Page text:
Saturday 20th November 2021 16th Kislev 5782
PARASHAT VAYISHLACH Alan Gilman
Genesis 32:4 – 36:43; Obadiah 1 – 21; Matthew 2:13 - 23
Then he said, “Let me go, for the day has broken.” But Jacob said, “I will not let you go unless you bless me.” And he said to him, “What is your name?” And he said, “Jacob.” Then he said, “Your name shall no longer be called Jacob, but Israel, for you have striven with God and with men, and have prevailed.” (Bereshit / Genesis 32:26-28)
This is one of the most, if not the most, profound moments in the entire Bible. How could anyone strive with God and prevail? But Jacob did, and it resulted, not only in he himself becoming known as “Israel,” the one who strives with God, but his people as well. The Chosen People of God would continue this striving (and sometimes prevailing) from then until now.
For many striving with God appears to be contrary to what a life of faith should be. We have images of serene saints disconnected from their passions and cares, humbly and unquestioningly receiving divine directions, submissively doing his bidding no matter how difficult it might be. We may have such images, but they are not derived from the Bible. Instead, Scripture paints a picture of struggle, doubt, fear, hope, failure, and lots of questions.
Our failure to grasp the struggle we are called to often results in a false version of contentment. Contentment is a good thing when it comes to our possessions and other worldly markers of success. But, on the other hand, we are not to be content. The Messiah himself taught his disciples to pray, saying: “Your kingdom come, your will be done, on earth as it is in heaven” (Matthew 6:10). We are to pray that the world would coming into alignment with God’s will. This demands we not accept things the way they are, but rather to seek God for radical change. This necessitates a holy discontentment.
Holy discontentment doesn’t automatically direct us to constructive solutions. Too often our solutions are worse than the problems. This is why we are called to pray for change before we seek to implement it. Only God’s will in God’s way will extend his kingdom on earth.
Prayer as our response to holy discontentment should not take us back to those images of pious serenity. Instead, we should remember Jacob. I am aware that he was not concerned about what was wrong with the world. In his case, he was overwhelmed with terror as he anticipated encountering his brother. He was worried about what Esau might do to him after being ripped off by Jacob twenty or so years before. Still, his approach to God illustrates for us the struggle in prayer that God values.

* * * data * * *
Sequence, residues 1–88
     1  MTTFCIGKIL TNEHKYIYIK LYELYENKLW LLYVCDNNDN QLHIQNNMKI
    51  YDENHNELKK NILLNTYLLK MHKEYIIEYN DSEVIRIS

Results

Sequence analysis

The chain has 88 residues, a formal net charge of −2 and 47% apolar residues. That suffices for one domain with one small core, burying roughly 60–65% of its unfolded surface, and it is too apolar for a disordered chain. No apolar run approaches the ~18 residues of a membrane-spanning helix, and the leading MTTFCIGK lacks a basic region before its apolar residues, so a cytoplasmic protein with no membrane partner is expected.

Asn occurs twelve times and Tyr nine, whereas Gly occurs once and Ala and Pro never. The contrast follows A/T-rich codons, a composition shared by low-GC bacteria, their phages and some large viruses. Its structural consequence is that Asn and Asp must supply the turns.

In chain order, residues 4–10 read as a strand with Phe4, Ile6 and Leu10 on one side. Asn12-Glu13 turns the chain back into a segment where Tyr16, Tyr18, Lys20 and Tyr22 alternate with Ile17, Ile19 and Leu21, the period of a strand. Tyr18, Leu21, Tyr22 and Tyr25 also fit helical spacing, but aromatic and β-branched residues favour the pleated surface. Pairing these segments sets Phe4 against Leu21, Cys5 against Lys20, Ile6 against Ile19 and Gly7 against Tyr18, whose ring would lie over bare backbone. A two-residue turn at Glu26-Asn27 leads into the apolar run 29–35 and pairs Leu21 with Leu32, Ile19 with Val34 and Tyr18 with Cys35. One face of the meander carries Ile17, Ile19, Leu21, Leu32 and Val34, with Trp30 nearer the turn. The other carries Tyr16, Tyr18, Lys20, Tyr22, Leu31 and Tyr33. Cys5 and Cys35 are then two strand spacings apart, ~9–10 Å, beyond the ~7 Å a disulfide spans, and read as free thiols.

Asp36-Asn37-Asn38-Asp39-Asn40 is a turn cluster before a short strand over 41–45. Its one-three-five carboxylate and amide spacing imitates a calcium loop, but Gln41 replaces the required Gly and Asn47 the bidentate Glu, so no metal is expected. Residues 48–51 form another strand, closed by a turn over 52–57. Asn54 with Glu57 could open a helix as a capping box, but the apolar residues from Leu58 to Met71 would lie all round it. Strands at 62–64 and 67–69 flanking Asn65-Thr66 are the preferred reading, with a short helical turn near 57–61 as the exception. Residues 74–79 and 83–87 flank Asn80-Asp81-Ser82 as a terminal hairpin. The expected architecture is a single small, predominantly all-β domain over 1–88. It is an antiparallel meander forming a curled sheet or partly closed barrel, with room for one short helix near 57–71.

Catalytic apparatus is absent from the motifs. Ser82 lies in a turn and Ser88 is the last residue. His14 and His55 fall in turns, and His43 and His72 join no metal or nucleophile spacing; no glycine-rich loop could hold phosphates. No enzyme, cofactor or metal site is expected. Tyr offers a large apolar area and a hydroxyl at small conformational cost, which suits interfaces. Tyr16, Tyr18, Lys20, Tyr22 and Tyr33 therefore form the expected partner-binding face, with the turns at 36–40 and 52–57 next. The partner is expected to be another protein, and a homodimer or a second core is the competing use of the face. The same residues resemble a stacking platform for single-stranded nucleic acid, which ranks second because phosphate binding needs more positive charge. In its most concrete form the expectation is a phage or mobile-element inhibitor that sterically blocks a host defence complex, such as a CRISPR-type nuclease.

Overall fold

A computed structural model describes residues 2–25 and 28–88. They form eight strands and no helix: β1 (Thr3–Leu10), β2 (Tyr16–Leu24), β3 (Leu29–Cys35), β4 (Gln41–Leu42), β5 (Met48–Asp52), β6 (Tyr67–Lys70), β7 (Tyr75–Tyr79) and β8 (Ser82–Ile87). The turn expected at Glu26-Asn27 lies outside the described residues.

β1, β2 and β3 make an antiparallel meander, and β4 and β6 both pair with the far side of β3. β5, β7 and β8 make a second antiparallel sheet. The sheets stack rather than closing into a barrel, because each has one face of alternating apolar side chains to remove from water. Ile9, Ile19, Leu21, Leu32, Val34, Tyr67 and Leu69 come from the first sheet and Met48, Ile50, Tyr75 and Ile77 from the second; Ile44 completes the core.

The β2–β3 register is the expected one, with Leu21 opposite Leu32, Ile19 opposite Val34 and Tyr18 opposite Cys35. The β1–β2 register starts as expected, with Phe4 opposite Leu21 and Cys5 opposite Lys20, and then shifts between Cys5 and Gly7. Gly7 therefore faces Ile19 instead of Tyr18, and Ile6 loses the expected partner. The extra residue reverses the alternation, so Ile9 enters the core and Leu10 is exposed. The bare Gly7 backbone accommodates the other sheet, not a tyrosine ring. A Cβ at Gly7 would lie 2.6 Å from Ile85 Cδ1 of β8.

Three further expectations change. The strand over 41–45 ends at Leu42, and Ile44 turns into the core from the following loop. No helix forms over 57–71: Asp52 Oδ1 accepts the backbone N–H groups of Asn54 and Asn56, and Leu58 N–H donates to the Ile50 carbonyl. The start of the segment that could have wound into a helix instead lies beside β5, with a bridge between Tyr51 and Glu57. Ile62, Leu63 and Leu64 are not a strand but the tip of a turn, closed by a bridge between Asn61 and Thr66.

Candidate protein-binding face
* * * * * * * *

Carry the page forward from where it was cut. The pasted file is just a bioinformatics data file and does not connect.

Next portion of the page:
Too often prayer is a thought-toss to the sky, slighted dusted with the hope that perhaps God Almighty may deem us worthy of his attention and, if we are lucky, things will go our way. I know most people would never think of prayer exactly like that, but I wonder. How many, like Jacob, won’t let go of God until he blesses them, despite being injured in the process?
Jacob isn’t alone in such an earnest approach to God. When Hannah prays for a son, who ended up being the great prophet Samuel, we read “she was deeply distressed and prayed to the LORD and wept bitterly” (1 Samuel 1:10). King David prays prayers such as “How long, O LORD? Will you forget me forever? How long will you hide your face from me?” (Tehillim/Psalms 13:1). Jeremiah cries out: “Oh that my head were waters, and my eyes a fountain of tears, that I might weep day and night for the slain of the daughter of my people!” (Jeremiah 8:23; English 9:1). The Messiah himself “offered up prayers and supplications, with loud cries and tears, to him who was able to save him from death, and he was heard because of his reverence” (Hebrews 5:7). Some think this is a reference to his anguish in the Garden of Gethsemane, but it is more likely a description of his general posture in prayer.
Is this intensity in prayer necessary? Doesn’t God know the desires of our hearts, not to mention his awareness of his own plans and purposes. If we think about it enough, we may be tempted to conclude that prayer shouldn’t be necessary, let alone require the effort we see in these examples. However, I don’t think it is an issue of necessity. Jacob and the others weren’t concerned about the theology of prayer. They were only concerned about two things, their need and the only one who could meet that need. Their intensity was a result of their desperation connecting with an understanding of God’s power and generosity.
This cannot be put on. Such intensity can’t be faked. But, at the same time, taking these and other biblical examples seriously can encourage us to get honest about our deepest needs and our lack of faith with regard to God’s response to our prayers. I wonder what would happen if we gave ourselves permission to strive with him, to hold on to him until he blesses us (see Bereshit/Genesis 32:26).